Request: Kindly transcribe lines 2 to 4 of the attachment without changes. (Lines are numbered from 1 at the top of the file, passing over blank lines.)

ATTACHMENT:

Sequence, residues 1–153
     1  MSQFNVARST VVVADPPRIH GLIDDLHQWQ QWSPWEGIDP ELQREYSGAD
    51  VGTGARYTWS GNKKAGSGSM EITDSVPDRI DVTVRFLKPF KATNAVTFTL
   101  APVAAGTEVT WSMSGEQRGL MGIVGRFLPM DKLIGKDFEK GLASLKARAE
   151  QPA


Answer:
     1  MSQFNVARST VVVADPPRIH GLIDDLHQWQ QWSPWEGIDP ELQREYSGAD
    51  VGTGARYTWS GNKKAGSGSM EITDSVPDRI DVTVRFLKPF KATNAVTFTL
   101  APVAAGTEVT WSMSGEQRGL MGIVGRFLPM DKLIGKDFEK GLASLKARAE